(Both Photographs Courtesy of John Winsor)

Page Boys and Bridesmaids:

L - R:   Lauren Davies, Jennifer Jane Winsor, Phillip Harris, Glynis Davies, Beth James, now Rees (a teacher in a Dowlais Infants School)



Penywern Chapel performance of 'Zurika, the Gypsy Maid' in the 1950's

Back Row L-R:  Willie Rosser, Johnny Rosser, ?, Llewelyn Pritchard, Ceridwen Adams-Morgan, Morleisydd Morgan

Front Row L-R:  May Llewelyn, Christine Rosser, Glenys Kinsey, Mary Jenkins (Teacher at Twynyrodyn Infants School).

(Photograph courtesy of Lynda Pritchard Newcombe)



Fairies -

Back Row L-R:   Christine Jones, Lynda Pritchard, Ann Thomas, Jacqueline Love,

Front Row L-R:   Glynis ?, ?, Jean Arriaga, ?, ?.

(Photograph courtesy of Lynda Pritchard Newcombe)



Main Cast.

Back Row L-R:   Willie Rosser, Johnny Rosser, ?, Llewelyn Pritchard,

Front Row L-R:  Christine Jones, Glenys Kinsey.

(Photograph courtesy of Lynda Pritchard Newcombe)



Penywern sisterhood outing to Weston-Super-Mare in the 1950s. 

Left to right: Minnie Rosser, Miriam Hughes, Eunice, Abigail Pritchard, Gwen, ?, Jenny Evans.

(Photograph courtesy of Lynda Pritchard Newcombe)



Penywern & Dowlais Ladies on a Trip - 1970s

Mrs Winnie Lynch, formerly Thomas, is on the far left and her daughter Freda is on the far right.

(Photograph Courtesy of John Winsor)



Alphonso Street


This street of single storey houses, was built by the Dowlais Iron Company for the Spanish settlers who came to settle in Dowlais, mainly from Bilboa, following the company's decision to import Iron Ore from Spain. It was named after Alfonso XIII of Spain and was locally known as "Spaniards Row".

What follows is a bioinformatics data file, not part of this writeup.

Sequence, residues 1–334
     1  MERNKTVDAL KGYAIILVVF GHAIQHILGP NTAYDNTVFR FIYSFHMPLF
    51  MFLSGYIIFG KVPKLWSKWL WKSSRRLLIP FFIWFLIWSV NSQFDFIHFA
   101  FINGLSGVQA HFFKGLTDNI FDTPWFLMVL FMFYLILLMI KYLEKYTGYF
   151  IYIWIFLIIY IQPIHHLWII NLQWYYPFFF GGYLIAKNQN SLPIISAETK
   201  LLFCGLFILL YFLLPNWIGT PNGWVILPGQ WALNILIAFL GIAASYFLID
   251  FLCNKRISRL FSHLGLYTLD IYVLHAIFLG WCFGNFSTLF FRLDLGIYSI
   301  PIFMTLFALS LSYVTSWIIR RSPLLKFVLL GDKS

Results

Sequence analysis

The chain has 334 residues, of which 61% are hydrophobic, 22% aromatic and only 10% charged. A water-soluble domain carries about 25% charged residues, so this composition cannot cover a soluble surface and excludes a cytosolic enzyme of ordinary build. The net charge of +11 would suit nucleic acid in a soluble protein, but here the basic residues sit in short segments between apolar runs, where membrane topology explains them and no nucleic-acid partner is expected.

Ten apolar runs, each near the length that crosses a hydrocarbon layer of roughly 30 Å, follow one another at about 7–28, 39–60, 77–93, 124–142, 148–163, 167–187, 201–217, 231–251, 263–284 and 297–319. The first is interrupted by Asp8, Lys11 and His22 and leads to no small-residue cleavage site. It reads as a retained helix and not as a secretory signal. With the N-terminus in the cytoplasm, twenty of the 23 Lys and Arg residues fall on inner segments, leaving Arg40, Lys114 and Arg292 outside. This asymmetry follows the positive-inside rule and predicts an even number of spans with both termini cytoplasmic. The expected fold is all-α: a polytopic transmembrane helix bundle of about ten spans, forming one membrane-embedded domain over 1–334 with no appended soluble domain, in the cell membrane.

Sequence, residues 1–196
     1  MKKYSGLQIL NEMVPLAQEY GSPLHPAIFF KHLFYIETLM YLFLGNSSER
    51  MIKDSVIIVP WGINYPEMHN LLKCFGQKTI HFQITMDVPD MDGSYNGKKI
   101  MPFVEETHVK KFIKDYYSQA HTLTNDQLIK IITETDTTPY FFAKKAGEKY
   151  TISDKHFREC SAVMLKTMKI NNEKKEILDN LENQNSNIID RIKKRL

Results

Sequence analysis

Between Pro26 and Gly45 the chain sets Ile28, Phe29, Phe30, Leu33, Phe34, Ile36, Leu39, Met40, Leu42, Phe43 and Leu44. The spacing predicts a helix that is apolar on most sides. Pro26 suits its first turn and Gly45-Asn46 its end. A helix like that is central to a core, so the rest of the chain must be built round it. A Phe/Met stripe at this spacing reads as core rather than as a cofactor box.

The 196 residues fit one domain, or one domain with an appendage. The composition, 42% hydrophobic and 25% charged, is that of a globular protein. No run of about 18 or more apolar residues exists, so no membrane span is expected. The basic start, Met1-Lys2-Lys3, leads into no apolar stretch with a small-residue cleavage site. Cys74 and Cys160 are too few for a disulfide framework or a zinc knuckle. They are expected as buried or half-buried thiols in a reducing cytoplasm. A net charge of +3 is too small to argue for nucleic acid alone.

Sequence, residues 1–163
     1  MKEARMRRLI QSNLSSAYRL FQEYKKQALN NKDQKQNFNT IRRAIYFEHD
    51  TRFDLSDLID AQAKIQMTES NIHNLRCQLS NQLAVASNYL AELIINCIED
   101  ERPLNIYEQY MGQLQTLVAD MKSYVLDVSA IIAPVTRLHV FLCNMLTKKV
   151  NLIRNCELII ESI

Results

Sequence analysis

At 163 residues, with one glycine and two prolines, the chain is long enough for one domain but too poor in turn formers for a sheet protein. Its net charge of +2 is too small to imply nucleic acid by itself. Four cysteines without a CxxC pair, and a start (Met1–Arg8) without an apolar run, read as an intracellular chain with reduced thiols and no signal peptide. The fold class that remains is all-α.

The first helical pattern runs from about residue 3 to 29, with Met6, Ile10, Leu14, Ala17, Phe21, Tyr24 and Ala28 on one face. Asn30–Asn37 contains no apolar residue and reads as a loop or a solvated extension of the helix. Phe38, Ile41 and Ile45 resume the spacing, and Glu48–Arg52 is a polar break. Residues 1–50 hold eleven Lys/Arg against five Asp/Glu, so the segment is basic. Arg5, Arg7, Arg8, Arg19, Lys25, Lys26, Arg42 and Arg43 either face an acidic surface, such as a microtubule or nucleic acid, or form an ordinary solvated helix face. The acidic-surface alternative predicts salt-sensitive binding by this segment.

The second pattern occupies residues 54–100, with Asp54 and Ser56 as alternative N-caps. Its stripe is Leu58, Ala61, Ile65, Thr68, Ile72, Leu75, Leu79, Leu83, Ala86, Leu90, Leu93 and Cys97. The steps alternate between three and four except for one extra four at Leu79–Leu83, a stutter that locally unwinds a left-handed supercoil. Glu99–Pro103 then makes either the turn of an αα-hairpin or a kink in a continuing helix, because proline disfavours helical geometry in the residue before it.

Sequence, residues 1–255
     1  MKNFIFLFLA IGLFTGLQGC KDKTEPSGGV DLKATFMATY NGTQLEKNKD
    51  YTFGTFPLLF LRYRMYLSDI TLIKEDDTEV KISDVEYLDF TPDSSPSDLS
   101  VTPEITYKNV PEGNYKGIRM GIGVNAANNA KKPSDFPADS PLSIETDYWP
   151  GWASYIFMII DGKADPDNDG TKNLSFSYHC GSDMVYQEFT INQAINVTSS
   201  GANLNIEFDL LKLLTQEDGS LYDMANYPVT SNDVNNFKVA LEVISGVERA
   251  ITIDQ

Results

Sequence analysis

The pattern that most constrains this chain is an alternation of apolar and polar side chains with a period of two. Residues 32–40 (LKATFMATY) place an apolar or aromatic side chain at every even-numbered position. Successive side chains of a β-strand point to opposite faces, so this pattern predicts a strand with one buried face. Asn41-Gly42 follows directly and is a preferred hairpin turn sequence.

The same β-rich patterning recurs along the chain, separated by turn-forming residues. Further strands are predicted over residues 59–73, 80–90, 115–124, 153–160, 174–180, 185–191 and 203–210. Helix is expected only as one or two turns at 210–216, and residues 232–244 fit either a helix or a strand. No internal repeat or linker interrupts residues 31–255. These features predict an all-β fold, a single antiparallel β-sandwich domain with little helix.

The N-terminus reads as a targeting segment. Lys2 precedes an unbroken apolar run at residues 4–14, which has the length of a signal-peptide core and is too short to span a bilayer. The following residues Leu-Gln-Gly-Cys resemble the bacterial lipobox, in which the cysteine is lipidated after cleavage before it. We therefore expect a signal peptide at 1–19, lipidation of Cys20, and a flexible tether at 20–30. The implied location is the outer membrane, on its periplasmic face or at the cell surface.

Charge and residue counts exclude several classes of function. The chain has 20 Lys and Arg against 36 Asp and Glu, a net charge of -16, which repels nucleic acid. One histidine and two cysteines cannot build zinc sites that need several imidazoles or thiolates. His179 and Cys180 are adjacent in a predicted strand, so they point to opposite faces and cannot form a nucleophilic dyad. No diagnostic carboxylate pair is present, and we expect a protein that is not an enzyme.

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Alphonso Street, from the other direction. - 

(Photograph courtesy of Viv Bayliss of South Woodham Ferrers in Essex.)

Dowlais_Penywern_Alfonso Street - Penywern.JPG (140836 bytes)

Alphonso Street - 1977


Penywern - 31 Cross Street - John Harris and his Bike.

Mr. J. Winsor tells us:    

" The man on the bike is Mr John Harris who is seen still wearing his battle dress( from the Fleet Air Arm), he had very recently been Demobed.

On the rear of the bike is Freda Thomas 5yrs, on the front is her brother John (John died of cancer just after his 15th birthday)."

(Photograph Courtesy of John Winsor)


Christening at Penywern Chapel - 1943

Left:                Peggy Arriaga with Pat.

Right:              Mrs. Francis with David (From Queen Street, Pant).

(Photograph Taken by Joe Arriaga, Courtesy of Pat Fearn).


Penywern - Upper Row Street Party - June 1944 - V.E. Day - End of the War in Europe

The first lady on the front left, in her Sunday Best is Mary Jones of 25, Upper Row.The second man and the lady standing

on the left side are Bill and Emma Gage.

(Photograph Courtesy of Pat Fearn)


Penywern - Sunday School - Circa 1947

(Photograph Courtesy of Pat Fearn)


Joanne Fearn's Christening - May 1971

Joe and Pegga Arriaga (Grandparents) and Paul Fearn (Brother).

(Photograph Courtesy of Pat Fearn)